Cohen Visits Georgia Base to Gauge Problems, Morale
By Douglas J. Gillert
American Forces Press Service
MOODY AIR FORCE BASE, Ga., Aug. 19, 1998 Defense Secretary William Cohen spent Aug. 17 seeing firsthand some of the problems the military is facing and why many officers and airmen are leaving the service before they've finished their careers.
The Air Force chose Moody to show Cohen some its servicewide problems because the base is one of its busiest. More than 500 members of the 347th Wing deploy throughout the year to Bosnia, Saudi Arabia and elsewhere.
The wing has one of the Air Force's busiest operation tempos, with 12.5 percent of its people deployed more than 120 days a year and some gone 160 days or more. As a result, pilots miss out on training; officers can't complete master's degree programs or enroll in professional education courses that could affect promotions; many have to double up on jobs; and spare parts inventories shrink.
Air Force Acting Secretary F. Whitten Peters, Air Force Chief of Staff Gen. Michael Ryan and Chief Master Sergeant of the Air Force Eric Benken joined Cohen on the first of several fact- finding visits he will make over the next several months. At Moody, they learned about the toll on training, readiness, morale and retention caused by the 347th Wing's heavy deployment schedule. At several different stops, officers and airmen told the Pentagon delegation what's bugging them:
- A security policewoman with 10 years on active duty said she's been deployed 14 times and is doing four different jobs, covering for others currently deployed. "I need stability," she complained. "I'm going to separate."
- A communications specialist told how his unit borrowed radios before it deployed to the Persian Gulf for Operation Desert Thunder.
- A group of pararescue specialists who've missed three straight Christmases at home asked Cohen when they could expect help from reserve air rescue and recovery units. A pilot from the same squadron said the unit can't maintain its combat readiness. "We're just flying to maintain proficiency," he said.
- Another pilot said she can't complete required upgrade training "because there aren't enough planes to fly."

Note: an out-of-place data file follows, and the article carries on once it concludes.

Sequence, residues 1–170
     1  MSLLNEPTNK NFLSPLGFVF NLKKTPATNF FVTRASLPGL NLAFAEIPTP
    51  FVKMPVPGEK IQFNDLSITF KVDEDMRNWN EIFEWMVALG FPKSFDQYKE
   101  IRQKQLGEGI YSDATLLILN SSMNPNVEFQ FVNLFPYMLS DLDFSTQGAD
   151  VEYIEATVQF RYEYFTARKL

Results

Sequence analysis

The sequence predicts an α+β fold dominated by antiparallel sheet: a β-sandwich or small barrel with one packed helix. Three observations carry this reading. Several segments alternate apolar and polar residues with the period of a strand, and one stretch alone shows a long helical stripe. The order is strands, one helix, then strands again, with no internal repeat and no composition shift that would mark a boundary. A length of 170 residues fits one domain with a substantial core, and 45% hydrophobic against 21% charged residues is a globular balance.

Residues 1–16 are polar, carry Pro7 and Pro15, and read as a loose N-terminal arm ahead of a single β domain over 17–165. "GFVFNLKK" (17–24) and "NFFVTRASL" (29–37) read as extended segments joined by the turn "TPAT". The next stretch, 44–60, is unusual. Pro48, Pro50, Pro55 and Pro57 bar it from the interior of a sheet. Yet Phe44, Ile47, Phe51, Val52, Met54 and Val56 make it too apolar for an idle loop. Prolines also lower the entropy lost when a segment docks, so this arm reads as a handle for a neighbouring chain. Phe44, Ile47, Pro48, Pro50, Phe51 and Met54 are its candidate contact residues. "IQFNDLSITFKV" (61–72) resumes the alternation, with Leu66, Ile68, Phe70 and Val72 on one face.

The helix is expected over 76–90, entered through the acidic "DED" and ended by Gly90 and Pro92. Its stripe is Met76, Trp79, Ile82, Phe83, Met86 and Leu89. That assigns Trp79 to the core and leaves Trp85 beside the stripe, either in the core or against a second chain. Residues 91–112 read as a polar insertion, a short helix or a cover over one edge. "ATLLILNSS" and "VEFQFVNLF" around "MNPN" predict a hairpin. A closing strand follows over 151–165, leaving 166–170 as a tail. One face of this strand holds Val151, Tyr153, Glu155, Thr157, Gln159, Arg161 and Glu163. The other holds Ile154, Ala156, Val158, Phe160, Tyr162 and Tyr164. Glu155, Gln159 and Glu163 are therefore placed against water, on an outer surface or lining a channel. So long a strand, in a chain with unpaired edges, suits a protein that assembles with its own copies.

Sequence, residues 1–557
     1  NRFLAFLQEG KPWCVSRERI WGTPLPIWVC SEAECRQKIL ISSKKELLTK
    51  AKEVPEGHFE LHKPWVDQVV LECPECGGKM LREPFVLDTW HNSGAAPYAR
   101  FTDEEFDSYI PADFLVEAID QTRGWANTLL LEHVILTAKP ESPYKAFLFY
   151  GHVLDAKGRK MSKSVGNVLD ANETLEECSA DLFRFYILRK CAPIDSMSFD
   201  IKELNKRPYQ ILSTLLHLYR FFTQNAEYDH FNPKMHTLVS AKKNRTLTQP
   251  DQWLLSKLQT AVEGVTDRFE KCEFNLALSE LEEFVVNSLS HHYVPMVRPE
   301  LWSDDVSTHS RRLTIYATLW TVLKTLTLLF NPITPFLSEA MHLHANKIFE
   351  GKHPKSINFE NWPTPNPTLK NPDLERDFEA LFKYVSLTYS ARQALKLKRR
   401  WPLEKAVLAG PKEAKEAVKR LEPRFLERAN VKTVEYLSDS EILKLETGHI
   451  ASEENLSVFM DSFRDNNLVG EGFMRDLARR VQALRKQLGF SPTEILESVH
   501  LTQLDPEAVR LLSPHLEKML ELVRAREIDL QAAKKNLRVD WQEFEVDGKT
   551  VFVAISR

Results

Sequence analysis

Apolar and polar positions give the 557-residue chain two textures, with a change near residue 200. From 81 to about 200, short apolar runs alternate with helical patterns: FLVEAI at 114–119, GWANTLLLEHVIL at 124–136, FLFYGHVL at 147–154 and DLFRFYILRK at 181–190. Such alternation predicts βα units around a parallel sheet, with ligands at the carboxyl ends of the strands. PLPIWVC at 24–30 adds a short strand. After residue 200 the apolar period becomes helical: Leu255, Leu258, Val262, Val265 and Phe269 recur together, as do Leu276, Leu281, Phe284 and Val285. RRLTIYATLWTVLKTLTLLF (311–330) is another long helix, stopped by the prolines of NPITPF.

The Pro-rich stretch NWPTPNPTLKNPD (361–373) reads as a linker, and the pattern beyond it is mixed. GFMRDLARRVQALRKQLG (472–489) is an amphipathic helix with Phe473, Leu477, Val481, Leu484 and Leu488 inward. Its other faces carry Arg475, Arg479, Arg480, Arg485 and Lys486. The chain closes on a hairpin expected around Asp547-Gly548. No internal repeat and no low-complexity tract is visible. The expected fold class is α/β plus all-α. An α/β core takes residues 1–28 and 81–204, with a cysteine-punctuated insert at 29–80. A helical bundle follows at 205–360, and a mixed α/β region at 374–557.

- A maintenance boss told Cohen the wing has eight aircraft down with broken engines, because the wing doesn't have spare parts or replacements.
- The chief of security police said only two of 40 first-term airmen eligible to re-enlist have committed to second terms.
"Retention is down, based primarily on the operations tempo and overutilization [of our people]," said Brig. Gen. Gene Renuart, 347th Wing commander. "Also, good jobs on the outside offer greater stability and predictability, excellent benefits packages and good pay."
Renuart also noted that young enlistees are more interested today in retirement benefits. When they compare the military with other employers, many find the military lacking, he said.
"We need to better manage the use of our people," Cohen told the Moody security policewoman who plans to separate soon. "We probably won't save you, but hopefully we can keep others in uniform in the future."
"We are trying to reduce the operations tempo and get more predictability in the system. We're seeing signs now where erosion is starting to occur in the availability of parts, and in morale and retention," he said at another stop. "If you leave the military after just a few years, we are the big losers."
Cohen repeated an earlier plea for more rounds of base closures that would release funds for compensation plans and weapons modernization. But he mostly came to gauge the attitudes of service members. He compared his visit to the times when he was a senator and would return home to visit his Maine constituency. He said this and future visits will allow him to "get out and find out what you need to make life as good as it can be in the service."
He offered no time frame for significant change, but pledged that he and service leaders are committed to better managing "the finest military in the history of the world. We have deficiencies and we have to correct them," he said.
"The military is still one of the finest ways [people] can possibly serve their country," Cohen said. "We are aware of the stresses and strains that have come about by virtue of downsizing. So, we are trying to be more sensitive to the management of our people. We will address the issues of quality of life, including compensation and retirement. We will also address the issue of spare parts and equipment.
"It's a very serious challenge, but we have the finest people [available] to lead the Air Force and the other services into the 21st century."